• ‘Mission accomplished’ for UN war crimes court?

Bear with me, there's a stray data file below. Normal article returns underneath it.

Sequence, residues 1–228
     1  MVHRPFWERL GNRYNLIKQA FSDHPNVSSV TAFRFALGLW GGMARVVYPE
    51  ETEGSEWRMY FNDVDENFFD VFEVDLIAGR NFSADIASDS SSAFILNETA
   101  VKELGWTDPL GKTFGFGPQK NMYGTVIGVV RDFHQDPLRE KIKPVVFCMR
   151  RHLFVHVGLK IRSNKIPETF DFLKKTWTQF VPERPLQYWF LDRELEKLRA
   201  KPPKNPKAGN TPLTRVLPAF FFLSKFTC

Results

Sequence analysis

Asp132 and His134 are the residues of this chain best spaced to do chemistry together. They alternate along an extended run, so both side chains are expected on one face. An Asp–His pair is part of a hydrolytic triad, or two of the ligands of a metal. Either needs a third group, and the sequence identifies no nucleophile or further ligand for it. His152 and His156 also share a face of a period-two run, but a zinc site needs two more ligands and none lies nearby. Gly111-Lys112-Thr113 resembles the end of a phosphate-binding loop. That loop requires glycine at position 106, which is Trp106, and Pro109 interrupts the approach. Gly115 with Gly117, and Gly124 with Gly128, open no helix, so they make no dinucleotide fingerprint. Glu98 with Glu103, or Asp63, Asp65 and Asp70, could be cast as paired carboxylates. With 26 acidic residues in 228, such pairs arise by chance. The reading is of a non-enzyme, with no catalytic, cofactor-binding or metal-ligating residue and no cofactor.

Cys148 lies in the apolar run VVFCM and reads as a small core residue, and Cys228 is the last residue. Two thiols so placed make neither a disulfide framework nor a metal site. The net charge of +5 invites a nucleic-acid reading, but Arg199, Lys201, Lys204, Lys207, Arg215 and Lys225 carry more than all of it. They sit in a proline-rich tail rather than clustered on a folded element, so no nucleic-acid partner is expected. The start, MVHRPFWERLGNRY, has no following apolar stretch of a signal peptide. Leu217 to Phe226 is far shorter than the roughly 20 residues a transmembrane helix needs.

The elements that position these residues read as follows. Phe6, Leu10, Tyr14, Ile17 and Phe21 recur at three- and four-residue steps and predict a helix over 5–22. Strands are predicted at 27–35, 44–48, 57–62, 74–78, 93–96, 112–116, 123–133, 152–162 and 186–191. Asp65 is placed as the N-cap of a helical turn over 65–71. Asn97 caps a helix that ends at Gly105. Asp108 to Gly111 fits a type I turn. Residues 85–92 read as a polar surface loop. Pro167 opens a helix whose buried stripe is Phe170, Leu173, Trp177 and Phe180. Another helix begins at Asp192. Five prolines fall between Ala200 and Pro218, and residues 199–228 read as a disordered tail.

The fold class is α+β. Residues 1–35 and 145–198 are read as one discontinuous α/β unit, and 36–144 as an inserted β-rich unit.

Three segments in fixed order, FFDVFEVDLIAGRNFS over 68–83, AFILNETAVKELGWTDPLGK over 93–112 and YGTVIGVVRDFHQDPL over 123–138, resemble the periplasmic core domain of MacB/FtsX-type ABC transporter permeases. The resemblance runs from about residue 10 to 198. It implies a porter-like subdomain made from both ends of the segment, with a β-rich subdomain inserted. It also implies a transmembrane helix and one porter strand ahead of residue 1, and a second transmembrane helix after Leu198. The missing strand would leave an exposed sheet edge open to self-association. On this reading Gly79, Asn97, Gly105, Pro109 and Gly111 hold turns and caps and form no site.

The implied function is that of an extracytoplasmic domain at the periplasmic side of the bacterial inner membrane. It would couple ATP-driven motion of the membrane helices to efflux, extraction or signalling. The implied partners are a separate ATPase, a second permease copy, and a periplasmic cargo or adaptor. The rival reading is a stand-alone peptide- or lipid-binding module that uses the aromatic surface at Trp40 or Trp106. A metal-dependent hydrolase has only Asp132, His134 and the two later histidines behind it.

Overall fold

THE HAGUE: Srebrenica, Vukovar, Sarajevo: towns and cities indelibly scarred by a painful and shameful history and seared forever into Europe’s collective conscience. For 23 years, their names and the memories of tens of thousands of victims have stalked the halls of the UN tribunal set up to punish those behind genocide, mass rapes and ethnic cleansing during Yugoslavia’s violent death throes. Now as the International Criminal Tribunal for the former Yugoslavia (ICTY) prepares to deliver its final verdicts before closing its doors in 2017 and handing over to another mechanism, opinion on its legacy is divided. Established by a UN mandate in May 1993, the court based in The Hague was a trailblazer in laying down ground-breaking jurisprudence for trying the worst of all crimes — a decade before the creation of the International Criminal Court.



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